As of Nov. 30, according to a disclosure statement produced by the transition team, Adams had raised $993,478 from around 530 donors, including nearly 150 from outside New York City.

Brooklyn Borough President Eric Adams

Erica Sherman/Brooklyn BP’s Office

Brooklyn Borough President Eric Adams

Mayor-elect Eric Adams’ transition committee has drawn in more than $1 million to fund his ongoing transition and inauguration, his campaign announced Wednesday.

As of Nov. 30, according to a disclosure statement produced by the transition team, Adams had raised $993,478 from around 530 donors, including nearly 150 from outside New York City.

Donors include outgoing Disney executive Alan Horn, who lives in Los Angeles, and contributed $5,100, as did his wife, Cindy Horn. Wyoming-based investment banker Herbert Allen also gave $5,100, along with Timothy Armstrong, chief executive of Flowcode, a company that makes QR codes. Ford Foundation executive Darren Walker also contributed the top amount, $5,100, as did Tyler and Cameron Winklevoss, both of Winklevoss Capital Management—the twins perhaps best known for their claims to the idea behind Facebook. Entrepreneur and attorney Norm Brodsky gave $5,000, and Susan and David Rockefeller gave $3,100 each.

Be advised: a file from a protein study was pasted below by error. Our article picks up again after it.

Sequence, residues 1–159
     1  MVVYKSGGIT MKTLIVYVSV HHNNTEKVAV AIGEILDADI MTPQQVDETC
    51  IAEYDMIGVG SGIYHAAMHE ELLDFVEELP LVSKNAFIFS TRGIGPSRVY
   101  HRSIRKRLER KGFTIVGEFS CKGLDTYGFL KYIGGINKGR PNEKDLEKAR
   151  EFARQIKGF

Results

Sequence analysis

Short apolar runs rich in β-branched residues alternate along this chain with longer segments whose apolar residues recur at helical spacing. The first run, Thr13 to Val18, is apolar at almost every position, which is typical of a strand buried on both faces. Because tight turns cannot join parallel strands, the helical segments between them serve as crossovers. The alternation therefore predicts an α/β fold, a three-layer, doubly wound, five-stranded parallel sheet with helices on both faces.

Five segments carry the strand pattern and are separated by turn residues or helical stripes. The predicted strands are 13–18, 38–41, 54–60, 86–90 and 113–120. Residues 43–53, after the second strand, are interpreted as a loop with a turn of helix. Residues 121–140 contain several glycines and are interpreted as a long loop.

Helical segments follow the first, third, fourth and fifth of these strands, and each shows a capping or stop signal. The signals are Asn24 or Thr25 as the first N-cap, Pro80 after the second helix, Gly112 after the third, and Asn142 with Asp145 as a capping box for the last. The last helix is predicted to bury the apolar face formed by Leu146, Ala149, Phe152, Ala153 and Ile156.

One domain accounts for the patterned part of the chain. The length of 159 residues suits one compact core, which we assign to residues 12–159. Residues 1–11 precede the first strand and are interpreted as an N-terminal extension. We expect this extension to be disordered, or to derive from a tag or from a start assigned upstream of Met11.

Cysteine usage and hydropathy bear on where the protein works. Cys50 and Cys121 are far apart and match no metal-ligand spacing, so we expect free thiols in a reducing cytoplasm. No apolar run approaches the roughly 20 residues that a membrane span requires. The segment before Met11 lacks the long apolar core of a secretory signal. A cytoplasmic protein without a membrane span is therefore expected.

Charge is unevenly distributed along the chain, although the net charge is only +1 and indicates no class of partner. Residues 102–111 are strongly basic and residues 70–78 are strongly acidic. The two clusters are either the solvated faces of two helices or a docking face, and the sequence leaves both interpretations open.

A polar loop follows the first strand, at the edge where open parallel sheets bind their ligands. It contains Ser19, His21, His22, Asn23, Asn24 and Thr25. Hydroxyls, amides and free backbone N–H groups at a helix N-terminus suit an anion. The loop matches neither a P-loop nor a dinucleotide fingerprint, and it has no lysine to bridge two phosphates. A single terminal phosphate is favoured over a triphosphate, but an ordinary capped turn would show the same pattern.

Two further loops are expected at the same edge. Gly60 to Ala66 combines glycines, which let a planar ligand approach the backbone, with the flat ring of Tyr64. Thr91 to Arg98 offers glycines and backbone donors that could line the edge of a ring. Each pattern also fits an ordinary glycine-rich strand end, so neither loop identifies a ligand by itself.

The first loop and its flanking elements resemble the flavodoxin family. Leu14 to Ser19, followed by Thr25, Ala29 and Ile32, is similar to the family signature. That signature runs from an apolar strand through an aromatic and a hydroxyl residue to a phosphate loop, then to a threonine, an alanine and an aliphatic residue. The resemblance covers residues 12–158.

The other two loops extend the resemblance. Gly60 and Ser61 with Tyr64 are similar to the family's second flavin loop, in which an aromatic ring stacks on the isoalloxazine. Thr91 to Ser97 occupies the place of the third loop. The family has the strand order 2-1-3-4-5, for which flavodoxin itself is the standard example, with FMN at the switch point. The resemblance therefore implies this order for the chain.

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Since the end of last month, Adams’ transition and inauguration entity has brought in additional funds “at a rapid pace,” a spokesperson said, totalling about $1.2 million.

Public funds can not be used for a mayoral inauguration or transition, meaning candidates must raise money to cover these expenses. In a statement, Adams said the money will “allow us to help coordinate the work of hundreds of transition team members from diverse backgrounds and experiences to prepare us to hit the ground running on January 1.”

The incoming mayor last week announced a lengthy list of New Yorkers appointed to that transition team, focused on specific areas such as economic and workforce development, infrastructure, education, immigration and infrastructure, among others. 

At a press conference Thursday morning, Adams named David Banks—head of Eagle Academy, a network of all-boys public schools—as his incoming Department of Education chancellor. The city’s current chancellor, Meisha Porter, is departing at the end of the year to lead a nonprofit in The Bronx.

In Wednesday’s statement, the Adams transition team did not announce where Adams’ inauguration would take place, or what was on the program for the event.

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